July2017 Booklist 55 www.booklistonline.com
work. Many young readers, on the
other hand, feel like they know
you after they’ve read your book. This isn’t just because your
words have lived inside their heads for days—it’s because they
read with an intensity and an abandon that “sophisticated” adult
readers often don’t allow themselves.
But it’s precisely this kind of intimacy that I hope for when I
write for young readers. That my work—words that somehow
bubble up from the deep, sometimes dark wellspring of my own
childhood—will reach another human being just in the nick of
time. It’s what the late, great Leonard Cohen called the moment
when “the emergency becomes articulate.” When something that
I’ve written—out of my own emergency, my own need to express myself—ministers to someone else’s emergency.
What’s miraculous is that this actually happens. Just about
every time a child closes a book. As many YA authors will attest,
kids come up to us all the time and whisper, “You told my story.” I’ve heard these words from kids in prison for gang-related
activity who’ve read my book about a child soldier from Cambodia. And from sexual-assault survivors who’ve read the story
of a girl from Nepal sold into a brothel. As well as from kids in
And when I write for readers whose hearts are so wide open, I
open myself. I make them my confidantes. I bare my soul, my
sometimes lonely, often gloomy, occasionally ecstatic, always
messy, stubbornly teenage soul. Adults who don’t have the privilege of writing for kids may not understand the gift it is to have
that kind of trust in your readership. Nor do they, I suspect, appreciate what an honor it is to be a kind of tour guide through
that lonely, gloomy, ecstatic, messy passage known as adolescence.
But then, they might not get the e-mails we do. The ones that say,
“I thought I was the only one who felt this
way.” Or even, “Your book saved my life.”
How incredibly lucky we are, as authors
who write for young adults, to connect
with such honest, unguarded readers.
Even if the fan mail also sometimes reads
like this: “Dear Patricia McCormick, I
liked your book but, to tell you the truth,
you are not my favorite author. James Pat-
Patricia McCormick, a two-time National Book Award finalist, is the author of
Never Fall Down, Purple Heart, Sold, and more.
“Dear Patricia McCormick, You did a pretty good job on that
book about cutting considering that you yourself are not a cutter.”
“Dear Patricia McCormick, Honestly, I personally wasn’t too fond
of you at first. But now that I’ve read your book, I want to get to
know you as a friend and not just what the press has to say.”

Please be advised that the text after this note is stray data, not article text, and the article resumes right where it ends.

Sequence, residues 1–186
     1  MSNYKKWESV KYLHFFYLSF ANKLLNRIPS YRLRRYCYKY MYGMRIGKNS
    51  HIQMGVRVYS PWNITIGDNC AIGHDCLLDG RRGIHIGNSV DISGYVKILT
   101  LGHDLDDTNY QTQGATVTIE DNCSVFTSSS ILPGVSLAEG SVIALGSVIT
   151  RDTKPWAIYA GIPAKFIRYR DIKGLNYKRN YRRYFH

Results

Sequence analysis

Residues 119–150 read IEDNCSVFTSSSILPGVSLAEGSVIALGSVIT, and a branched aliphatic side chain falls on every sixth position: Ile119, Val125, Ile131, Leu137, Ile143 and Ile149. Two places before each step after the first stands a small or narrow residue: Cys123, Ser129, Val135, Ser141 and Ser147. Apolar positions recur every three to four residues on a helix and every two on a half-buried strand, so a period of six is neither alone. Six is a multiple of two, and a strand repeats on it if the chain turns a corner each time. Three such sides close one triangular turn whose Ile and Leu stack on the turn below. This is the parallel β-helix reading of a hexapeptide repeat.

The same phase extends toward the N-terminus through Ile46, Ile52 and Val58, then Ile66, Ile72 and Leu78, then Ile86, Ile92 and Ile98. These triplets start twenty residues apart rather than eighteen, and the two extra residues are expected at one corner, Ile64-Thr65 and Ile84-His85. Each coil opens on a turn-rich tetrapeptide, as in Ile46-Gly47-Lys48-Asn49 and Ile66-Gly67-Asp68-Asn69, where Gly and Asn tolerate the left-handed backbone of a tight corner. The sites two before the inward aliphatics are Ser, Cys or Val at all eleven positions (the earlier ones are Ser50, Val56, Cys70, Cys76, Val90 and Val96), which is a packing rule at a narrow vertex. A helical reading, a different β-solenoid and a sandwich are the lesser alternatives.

“Meeting you would be beyond the walls of imaginable. Not as
good as meeting Stephen Curry or Katy Perry. But almost.”
As many young adult authors will confess, the best part of our job isn’t the riches or the fame. It’s the fan mail. That’s because young readers will tell you exactly what
they think—with blunt, undiluted honesty or wild, unselfconscious love. I think of the former as Trip Advisor reviews: if a reader
says my book has the equivalent of bedbugs, I want to know. But
it’s the latter—the mash notes—that always surprise me.
What’s so touching is the way these readers fall openly, unabashedly in love: with a book, with a character, with an author.
In a world where kids are under so much pressure to be cool,
to be cynical, to be critical, these kids are daring to be just the
opposite: unguarded. In a world that asks them to be adults far
before they’re ready, they have found, in books, the one place
where they can still be kids. Privately. Whether they’re at home
with their stuffed animals or a cell in a juvenile-detention facility. And in a world where one offhand comment can bring down
a hail of withering public shame, these readers are willing to do
something dangerous: admit that something really matters to
them. And that something is a book.
I don’t know for sure about adult readers, but I think they are
more restrained in their affections. I don’t think they ask to be
friends. And they definitely don’t ask for help with their home-
The Chocolate War, by Robert Cormier (1974)
I Hadn’t Meant to Tell You This, by Jacqueline Woodson (1994)
The Language of Goldfish, by Zibby Oneal (1980)
A Step from Heaven, by An Na (2001)
Tell Me Everything, by Carolyn Coman (1993)
Here are five books
as influences and
When Emergency Becomes
All throughout 2017, we’re inviting star authors to contribute essays
about YA, in whatever forms the authors choose.
BY PATRICIA MCCORMICK
From the cover of Sold,
by Patricia McCormick.